24. suckers Says:

    it was a direct bite. direct designs taken from the book itself. how can he actually say, “i wasn’t aware of it…” when some of the earliest designs are exactly the same concept, cats, et al. furthermore, feminism? is it a good company that exploits a little girl that he ripped off from a good old fashioned story book to make money and claims it’s his universe. it’s not a girl with cats. it’s not a girl with long black hair and bangs and skinny tighted legs. no. not at all. she’s not strange. no direct hits at all.

    whatever. it’s so wonderful that we can see what it is now. poor emily.

  25. suckers Says:

    p.s.

    to mr reger….

    EXPOSURE IS A BITCH……(so is karma).

  26. Corpsy Says:

    This is rather simple. Create a new character that resembles Emily The Strange, make a bunch of t-shirt and and watch them sue you. But since they don’t respect the source material they ripped off — than if you rip off Emily The Strange you have nothing to worry about — because they can’t sue you or they would be sued as well. LOL. So, I say put Emily The Strange on t-shirts and merchandise and sell like crazy and make a ton of money off their greed!

    Here’s our tribute to Emily:
    http://girlsandcorpses.com/issue9_emily.html

    So, sue me.

  27. Nicole. Says:

    how can you say that one person should be blamed for all this?
    If you walk into a shopping center there are shirts that are plagiarized for example: ‘Billabong’ the brand, some people have made jumpers and such and labeled them ‘Billahong’.
    even on T.V there are so many shows that copy each other. Family guy and the Simpsons, Jackass and The Dudesons, Batfink and Batman.

    some only have simple simularities, But then there are some in wich have MANY.
    There are no new stories to tell.
    Also, they cant exactly put a trade mark on girls with black hair, dresses and cats. If they did..I’m pretty sure half of the world would be sued just for looking like that, or drawing a picture like that.

  28. Ybloc Says:

    What really bugs me isn’t the pictures (which are practically identical)it’s the text “Rosamond did not look hungry or sleepy, she looks like she always looks… Strange”. Emily the strange changed a few words and pasted it on. Some people here say that the one who drew her for his skateboard should be to blame but the person who conducted this ripoff is Rob Reger. How could the skateboard guy be responsible since he only drew Emily, Rob was the one who copied the text so he must of known all along about Rosamond since the text that sticker was on was one of their first merchandise.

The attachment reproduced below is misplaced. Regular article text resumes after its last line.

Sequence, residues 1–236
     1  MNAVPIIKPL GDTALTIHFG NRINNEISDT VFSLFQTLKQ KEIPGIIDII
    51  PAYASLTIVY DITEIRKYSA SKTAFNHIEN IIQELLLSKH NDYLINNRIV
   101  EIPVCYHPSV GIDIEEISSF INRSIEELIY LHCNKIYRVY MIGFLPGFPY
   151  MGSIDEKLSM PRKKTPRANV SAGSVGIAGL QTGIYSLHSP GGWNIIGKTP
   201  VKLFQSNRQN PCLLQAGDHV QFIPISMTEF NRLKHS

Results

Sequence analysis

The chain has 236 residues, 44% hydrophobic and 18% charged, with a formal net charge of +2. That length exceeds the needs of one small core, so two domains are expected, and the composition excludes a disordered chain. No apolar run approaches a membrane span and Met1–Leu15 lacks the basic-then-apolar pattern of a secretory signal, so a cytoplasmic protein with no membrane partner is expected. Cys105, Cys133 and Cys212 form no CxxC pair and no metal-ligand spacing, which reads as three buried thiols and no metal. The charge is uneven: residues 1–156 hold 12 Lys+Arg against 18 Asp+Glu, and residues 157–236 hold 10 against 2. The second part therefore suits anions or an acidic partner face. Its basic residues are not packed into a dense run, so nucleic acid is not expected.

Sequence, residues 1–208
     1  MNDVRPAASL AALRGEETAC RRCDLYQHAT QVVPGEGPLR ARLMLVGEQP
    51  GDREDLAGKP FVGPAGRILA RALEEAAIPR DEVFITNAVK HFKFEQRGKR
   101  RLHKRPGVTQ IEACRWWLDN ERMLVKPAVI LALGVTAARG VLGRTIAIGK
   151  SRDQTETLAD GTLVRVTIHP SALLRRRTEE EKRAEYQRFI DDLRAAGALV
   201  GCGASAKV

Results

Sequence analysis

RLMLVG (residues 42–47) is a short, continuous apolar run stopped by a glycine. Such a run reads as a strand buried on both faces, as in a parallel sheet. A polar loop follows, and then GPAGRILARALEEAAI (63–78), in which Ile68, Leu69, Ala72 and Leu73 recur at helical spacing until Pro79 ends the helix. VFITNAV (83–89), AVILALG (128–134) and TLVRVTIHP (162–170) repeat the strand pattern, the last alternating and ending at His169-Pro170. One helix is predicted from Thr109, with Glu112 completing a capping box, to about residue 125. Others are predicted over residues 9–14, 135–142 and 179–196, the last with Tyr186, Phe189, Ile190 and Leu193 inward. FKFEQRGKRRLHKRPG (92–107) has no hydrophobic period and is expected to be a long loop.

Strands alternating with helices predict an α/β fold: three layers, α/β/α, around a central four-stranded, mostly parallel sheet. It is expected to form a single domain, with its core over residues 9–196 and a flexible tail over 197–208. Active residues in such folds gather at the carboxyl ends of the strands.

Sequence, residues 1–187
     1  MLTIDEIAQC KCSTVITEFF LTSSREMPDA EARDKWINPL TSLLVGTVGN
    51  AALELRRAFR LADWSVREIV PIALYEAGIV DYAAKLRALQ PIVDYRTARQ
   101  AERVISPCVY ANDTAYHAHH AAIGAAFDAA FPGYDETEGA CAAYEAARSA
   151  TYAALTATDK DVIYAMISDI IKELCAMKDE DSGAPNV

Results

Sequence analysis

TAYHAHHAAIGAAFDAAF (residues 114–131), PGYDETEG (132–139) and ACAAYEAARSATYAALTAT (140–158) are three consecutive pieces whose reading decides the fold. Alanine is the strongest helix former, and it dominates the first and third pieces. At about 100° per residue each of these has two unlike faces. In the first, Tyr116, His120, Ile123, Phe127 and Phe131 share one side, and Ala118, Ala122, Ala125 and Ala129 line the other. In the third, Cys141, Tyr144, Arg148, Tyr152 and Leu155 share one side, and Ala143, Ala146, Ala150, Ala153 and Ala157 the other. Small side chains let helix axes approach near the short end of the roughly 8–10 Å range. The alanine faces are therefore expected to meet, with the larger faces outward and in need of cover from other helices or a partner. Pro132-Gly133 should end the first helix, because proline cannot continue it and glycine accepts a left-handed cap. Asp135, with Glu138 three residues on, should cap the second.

29. Tenchuu Says:

    Nicole, those shirts are ALSO copyright violations, unless they’re protected by parody/satire exceptions. Copyright is violated constantly, it’s a very strict standard, and extremely hard to enforce. You have to be aware of the injury and have the resources to stop the infringement. Most artists don’t have that. That’s why there’s peeing Calvins everywhere. Do the guys making those stickers deserve that money for their original input into the character, even though the entire reason people buy them is for the recognition of said character?

    As for everyone making the Family guy comparison, there are substantial differences between those two works. The judge just doesn’t say “Gee, they’re both fat and stupid, must be a violation”. How old is that character type? Shakespeare used it, at least. Courts aren’t actually full of idiots, there’s a long process to the whole thing. There are a large number of differences between those two characters. They’re drawn entirely differently, Peter wears glasses, he has brown hair, a chin cleft, he’s significantly larger than Homer, he’s not yellow and those are just visual features in an audio-visual work with drastically different humor elements. No one could reasonably look at a picture of The Simpsons and a picture of The Family Guy and say one was artistically derivative just because they’re both animated. Nobody automatically loves The Family Guy because it reminds them of The Simpsons.
    This situation is very different; the initial works are extremely similar, the layout of the cats, the unique style to them, Emily’s bangs, their shoes, and the nearly identical wording in some images. That’s not derivative, that’s a copy. And when those copies are successful and as a result you carry that idea on to new areas, you’re still basing your success on the original work of someone else. I don’t feel like retyping the legal analysis I did on another blog, but do a search for the same story to find it.

  30. mia Says:

    can i just point out that shakespear and van gogh both did this whole plagiarism thing?
    romeo and juliet was stolen from greek mythology. hamlet was stolen from the egyptian legend isis and osiris.
    that picture of the tree with the blossoms by van gogh is almost an exact copy of a picture by hiroshige, which has also been copied by a japanese pop-artist called chiho aoshima.